The Mitragyna Speciosa plant, or Kratom, hails from Southeast Asia. Traditionally prescribed medicinally to relieve pain, the Kratom plant comes from the same family as the coffee plant. It is banned in its native Thailand due to abuses but is perfectly legal in the United States where it has been gaining popularity as a psychoactive agent. It can be bought easily in the Western world as an ‘herbal supplement’; don’t be surprised if you can’t find it at the supermarket. Most users have to order it online.
Kratom can be ingested orally or smoked. It can be steeped into a tea-like preparation. A few grams can produce a high lasting as many as three hours—buyer beware: Kratom is considered highly addiuctive.
4. Diphenhydramine (Benadryl)
Like Doxylamine (Unisom), Diphenhydramine (Benadryl) can be used to combat allergies or as a sedative for those having trouble sleeping. Even though the drug can have dangerous side effects when taken in large doses, it has gained significant popularity among recreational users.
When taken in moderate to high doses the drug can produce drowsiness, fatigue, disturbed coordination, dizziness, blurred vision, confusion, and hallucinations. Once the threshold of regular high dosage has been reached, the dangers increase substantially. Side effects of regular high dosage include fever, hypotension, seizures, convulsions, asteatosis, gastrointestinal symptoms, deep coma, and death. Bear in mind that normal usage presents a very low risk or no risk at all to users.
3. Dimenhydrinate (Dramamine)
Dramamine, or Dimenhydrinate is a common drug used to stave off motion sickness. Like Diphenhydramine (Benadryl) it is a deliriant, and in high doses it can cause audio and visual hallucinations. For many recreational users these hallucinations are accompanied by euphoric feelings and the drug is not only abused by recreational users but by psychiatric patients who are attempting to self-medicate. Over time, regular use and prolonged exposure to high dosages can have negative effects on your heart and GI tract.
2. Propylhexedrine (Benzedrex)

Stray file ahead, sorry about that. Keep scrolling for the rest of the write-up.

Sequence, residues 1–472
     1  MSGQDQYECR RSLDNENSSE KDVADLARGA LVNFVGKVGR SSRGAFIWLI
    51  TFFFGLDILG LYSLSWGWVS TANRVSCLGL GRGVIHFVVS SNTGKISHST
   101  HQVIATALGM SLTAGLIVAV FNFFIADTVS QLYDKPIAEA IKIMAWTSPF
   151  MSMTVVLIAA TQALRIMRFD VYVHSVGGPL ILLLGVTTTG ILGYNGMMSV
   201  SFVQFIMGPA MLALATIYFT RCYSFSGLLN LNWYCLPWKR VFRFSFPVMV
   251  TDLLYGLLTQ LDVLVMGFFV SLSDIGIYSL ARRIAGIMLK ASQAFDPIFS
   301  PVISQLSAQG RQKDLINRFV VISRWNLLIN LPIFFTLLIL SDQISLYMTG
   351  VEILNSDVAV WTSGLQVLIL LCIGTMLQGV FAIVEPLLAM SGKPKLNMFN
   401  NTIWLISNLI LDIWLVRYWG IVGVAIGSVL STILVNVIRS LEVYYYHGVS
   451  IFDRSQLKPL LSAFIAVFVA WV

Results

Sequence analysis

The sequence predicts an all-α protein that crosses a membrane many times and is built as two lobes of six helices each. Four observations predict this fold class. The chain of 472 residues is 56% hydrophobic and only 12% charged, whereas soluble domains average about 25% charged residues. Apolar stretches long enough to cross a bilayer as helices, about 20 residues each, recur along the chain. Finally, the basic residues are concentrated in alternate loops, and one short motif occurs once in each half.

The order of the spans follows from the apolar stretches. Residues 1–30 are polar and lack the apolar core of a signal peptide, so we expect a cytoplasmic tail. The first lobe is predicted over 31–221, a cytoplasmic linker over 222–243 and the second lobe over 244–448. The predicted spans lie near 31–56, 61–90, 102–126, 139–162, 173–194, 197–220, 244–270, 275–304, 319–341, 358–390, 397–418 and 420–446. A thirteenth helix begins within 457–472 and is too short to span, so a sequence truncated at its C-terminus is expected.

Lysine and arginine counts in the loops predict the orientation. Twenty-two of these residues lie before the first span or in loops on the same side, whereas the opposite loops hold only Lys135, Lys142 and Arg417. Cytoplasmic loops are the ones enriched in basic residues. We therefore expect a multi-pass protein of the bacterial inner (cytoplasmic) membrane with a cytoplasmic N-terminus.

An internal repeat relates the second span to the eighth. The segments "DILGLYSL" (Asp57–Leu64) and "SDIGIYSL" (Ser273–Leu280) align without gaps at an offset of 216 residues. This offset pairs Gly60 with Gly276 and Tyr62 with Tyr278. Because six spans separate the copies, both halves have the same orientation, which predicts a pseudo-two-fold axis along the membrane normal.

This chemical compound was initially designed to replace an addictive and heavily abused ingredient known as amphetamine sulfate in the nasal spray Benedrex. As it turns out, Propylhexedrine is also a prime candidate for abuse. This substitute has earned the nickname “stove top speed” based on the extraction process that has been refined by some recreational users have developed to separate the chemical out as a crystal form and due to the effect it can have on users.
This extraction process has proved too involved for many users; the chemical itself is contained in a cotton rod that is included in the inhaler. These users simply eat the cotton rod to get a high similar to a weak amphetamine high. This is strongly recommended against by professionals in the field and the resulting side effects can be very dangerous.
The biggest concern with the drug is that it is a vasoconstrictor, and therefore it greatly increases your blood pressure. As a result, symptoms include psychosis, myocardial infarction, pulmonary, vascular disease, pulmonary hypertension, and sudden death.
1. Oxymetazoline (Afrin)
What Oxymetazoline lacks in strength, it makes up for in accessibility. Users report a relatively weak high that has a high chance of causing psychosis and in some cases recurring hallucinations. The compound itself can be found in the highly available nasal spray Afrin. If all other things were equal, Afrin and consequently Oxymetazoline would be a foot note. What sets it apart is how highly addictive it is.
Afrin’s packaging—somewhat ineffectively—cautions against using the drug for more than a few days at a time. This is partially due to the fact that prolonged use can cause nasal swelling that effectively prevents the product from working as intended as a nasal decongestant. Doctors who have treated addicts report that people who are addicted simply cannot function without Oxymetazoline in their system once they are hooked. Buyer beware: this is not a habit you want to pick up.